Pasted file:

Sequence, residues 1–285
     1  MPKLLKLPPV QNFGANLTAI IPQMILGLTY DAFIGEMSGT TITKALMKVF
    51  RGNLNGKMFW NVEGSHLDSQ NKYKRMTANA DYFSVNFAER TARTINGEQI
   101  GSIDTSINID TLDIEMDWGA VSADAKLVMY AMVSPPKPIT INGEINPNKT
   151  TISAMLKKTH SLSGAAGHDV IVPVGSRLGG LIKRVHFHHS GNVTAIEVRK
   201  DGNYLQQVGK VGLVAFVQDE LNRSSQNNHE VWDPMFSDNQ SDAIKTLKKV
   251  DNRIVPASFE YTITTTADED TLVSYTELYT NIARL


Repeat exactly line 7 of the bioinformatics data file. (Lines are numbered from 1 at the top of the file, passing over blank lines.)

   251  DNRIVPASFE YTITTTADED TLVSYTELYT NIARL